Nocturnal seizure coping strategies
I’ve read five abstracts now on pubmed that all say melatonin (the sleep hormone) depresses GABA receptor function and is probably responsible for some forms of nocturnal seizures. It also seems to inhibit dopamine, which also leads to increased likelihood of seizures. Dopamine is the ‘happy’ or ‘reward’ neurotransmitter.
The simplest way to decrease melatonin is to leave a light on at night. Epilepsy charities say “It has been suggested in the past that sleeping with the light on and with a ticking clock or radio in the room may also decrease the tendency toward seizing. This is at least worth a trial.”
However melatonin attenuates seizures in some people, particularly in those with myoclonus, so decreasing melatonin can also make seizures more likely. The key seems to be to figure out what kind of seizures you are having and whether they are melatonin responsive.
I quote from Wikipedia: “When a subject is deprived of sleep and is trying to fight sleep, hypnic jerks can occur more often. This normally happens after the subject has successfully deprived themselves of sleep for longer than 24 hours.” Myoclonus seems to have a complicated relationship with melatonin.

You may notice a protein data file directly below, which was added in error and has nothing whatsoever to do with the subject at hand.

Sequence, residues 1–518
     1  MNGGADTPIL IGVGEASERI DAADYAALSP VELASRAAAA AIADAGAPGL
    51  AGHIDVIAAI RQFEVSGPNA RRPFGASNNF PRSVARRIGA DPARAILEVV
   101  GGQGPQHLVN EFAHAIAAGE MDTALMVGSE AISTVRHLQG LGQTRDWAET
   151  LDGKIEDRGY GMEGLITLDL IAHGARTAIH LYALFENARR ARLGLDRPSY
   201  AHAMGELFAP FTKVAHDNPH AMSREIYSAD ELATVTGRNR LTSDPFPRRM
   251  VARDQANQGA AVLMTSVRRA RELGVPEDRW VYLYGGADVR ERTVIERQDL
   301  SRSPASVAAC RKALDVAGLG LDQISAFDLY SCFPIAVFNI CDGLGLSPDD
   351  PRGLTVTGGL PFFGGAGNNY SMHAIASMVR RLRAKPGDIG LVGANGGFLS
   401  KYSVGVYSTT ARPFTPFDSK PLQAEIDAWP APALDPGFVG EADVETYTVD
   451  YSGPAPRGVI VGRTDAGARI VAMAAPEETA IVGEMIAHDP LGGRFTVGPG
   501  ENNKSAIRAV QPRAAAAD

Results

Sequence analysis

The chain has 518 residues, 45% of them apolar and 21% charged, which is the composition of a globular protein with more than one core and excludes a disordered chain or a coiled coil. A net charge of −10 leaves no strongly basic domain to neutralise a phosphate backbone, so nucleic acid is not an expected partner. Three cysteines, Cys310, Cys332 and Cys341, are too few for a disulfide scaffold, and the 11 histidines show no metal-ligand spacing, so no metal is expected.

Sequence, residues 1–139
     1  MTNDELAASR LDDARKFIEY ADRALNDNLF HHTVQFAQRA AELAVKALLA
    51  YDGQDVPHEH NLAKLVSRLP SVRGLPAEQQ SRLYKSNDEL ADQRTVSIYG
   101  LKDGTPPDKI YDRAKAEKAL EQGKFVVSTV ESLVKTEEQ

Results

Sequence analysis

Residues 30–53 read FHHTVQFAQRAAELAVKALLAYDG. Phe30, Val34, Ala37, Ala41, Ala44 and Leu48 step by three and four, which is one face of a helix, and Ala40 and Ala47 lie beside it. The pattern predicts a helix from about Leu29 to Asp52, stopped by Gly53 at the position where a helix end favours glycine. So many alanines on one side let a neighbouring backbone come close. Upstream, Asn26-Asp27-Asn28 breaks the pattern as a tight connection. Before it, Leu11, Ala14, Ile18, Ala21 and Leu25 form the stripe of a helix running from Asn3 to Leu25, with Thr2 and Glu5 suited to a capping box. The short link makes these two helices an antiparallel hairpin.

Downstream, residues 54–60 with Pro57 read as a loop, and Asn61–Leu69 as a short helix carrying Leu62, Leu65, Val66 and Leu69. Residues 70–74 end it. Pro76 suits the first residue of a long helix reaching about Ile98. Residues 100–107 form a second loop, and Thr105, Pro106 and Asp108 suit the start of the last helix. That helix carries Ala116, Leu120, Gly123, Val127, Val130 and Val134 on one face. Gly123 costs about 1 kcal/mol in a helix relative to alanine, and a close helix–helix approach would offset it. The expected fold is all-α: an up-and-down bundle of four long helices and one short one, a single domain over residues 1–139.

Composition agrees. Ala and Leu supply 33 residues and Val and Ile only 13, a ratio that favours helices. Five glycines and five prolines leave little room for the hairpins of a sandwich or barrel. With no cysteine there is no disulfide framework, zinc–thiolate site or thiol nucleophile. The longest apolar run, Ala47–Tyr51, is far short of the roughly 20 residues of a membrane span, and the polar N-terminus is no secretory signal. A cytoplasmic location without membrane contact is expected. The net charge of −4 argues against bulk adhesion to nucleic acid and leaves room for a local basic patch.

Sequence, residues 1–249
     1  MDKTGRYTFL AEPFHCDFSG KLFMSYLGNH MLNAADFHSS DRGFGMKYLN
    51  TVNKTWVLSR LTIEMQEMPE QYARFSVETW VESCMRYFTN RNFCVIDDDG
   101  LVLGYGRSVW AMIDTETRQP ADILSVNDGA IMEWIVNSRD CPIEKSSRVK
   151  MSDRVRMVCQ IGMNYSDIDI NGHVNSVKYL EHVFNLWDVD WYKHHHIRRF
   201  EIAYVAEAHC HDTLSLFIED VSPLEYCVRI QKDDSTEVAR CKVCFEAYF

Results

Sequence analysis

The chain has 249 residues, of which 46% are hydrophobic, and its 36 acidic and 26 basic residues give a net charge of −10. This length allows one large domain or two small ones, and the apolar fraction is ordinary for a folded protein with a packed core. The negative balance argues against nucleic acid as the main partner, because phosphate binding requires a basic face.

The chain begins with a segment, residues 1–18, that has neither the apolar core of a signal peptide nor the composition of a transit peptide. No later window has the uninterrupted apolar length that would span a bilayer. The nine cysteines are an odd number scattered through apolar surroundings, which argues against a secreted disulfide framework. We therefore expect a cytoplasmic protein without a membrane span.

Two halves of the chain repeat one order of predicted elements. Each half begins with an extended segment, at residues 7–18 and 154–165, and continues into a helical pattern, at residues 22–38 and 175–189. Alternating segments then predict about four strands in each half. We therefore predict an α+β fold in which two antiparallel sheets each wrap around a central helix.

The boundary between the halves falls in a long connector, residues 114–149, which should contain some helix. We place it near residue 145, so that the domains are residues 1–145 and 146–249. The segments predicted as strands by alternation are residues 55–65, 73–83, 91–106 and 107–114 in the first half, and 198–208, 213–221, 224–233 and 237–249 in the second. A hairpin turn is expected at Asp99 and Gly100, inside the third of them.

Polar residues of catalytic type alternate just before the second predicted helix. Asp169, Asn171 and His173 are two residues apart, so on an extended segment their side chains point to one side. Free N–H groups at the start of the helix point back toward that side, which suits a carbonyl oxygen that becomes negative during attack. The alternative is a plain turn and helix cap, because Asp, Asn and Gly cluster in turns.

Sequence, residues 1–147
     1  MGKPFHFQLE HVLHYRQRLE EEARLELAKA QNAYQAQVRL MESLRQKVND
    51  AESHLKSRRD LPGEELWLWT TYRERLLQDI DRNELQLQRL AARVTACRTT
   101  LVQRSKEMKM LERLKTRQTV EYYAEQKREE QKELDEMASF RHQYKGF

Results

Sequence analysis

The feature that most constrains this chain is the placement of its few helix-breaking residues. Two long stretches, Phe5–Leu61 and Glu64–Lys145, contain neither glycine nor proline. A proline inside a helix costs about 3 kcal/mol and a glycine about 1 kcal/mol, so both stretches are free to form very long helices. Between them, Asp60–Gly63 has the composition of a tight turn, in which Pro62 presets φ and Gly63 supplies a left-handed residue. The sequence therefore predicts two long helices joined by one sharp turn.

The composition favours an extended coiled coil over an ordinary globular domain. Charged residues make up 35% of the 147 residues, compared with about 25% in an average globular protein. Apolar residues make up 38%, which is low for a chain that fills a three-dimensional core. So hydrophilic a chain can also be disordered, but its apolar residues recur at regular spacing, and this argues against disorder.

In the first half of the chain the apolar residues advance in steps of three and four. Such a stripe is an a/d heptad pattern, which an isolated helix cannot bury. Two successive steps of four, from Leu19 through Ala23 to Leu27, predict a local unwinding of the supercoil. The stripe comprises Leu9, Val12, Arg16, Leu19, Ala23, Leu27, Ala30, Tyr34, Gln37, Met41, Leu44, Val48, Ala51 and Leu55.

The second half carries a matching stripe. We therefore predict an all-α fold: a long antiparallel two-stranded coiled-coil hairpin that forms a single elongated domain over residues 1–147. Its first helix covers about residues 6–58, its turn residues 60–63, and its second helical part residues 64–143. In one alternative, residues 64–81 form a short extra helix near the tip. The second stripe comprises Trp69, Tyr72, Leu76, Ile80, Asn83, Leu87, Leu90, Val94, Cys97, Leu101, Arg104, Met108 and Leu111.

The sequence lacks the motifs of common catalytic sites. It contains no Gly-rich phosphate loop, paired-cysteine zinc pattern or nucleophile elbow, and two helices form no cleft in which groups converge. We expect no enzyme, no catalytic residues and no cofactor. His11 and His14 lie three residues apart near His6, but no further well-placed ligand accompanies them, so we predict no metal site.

Mozart helps prevent seizures. It seems particular characteristics of Mozart and Bach decrease seizure activity by training the temporal/spacial part of the brain that misbehaves during seizures. Interestingly, music also increases dopamine levels. The music is quite a ‘happy’ piece.
Seizure potential can also be attenuated by weak magnetic fields. There are quite a few studies that suggest that sudden geomagnetic fluctuations can cause seizures – one study found that around 10-12% of seizures in lab rats could be blamed on geomag fluctuations. Presumably a weak magnetic field near your head will mask the impact of any sudden changes and prevent this.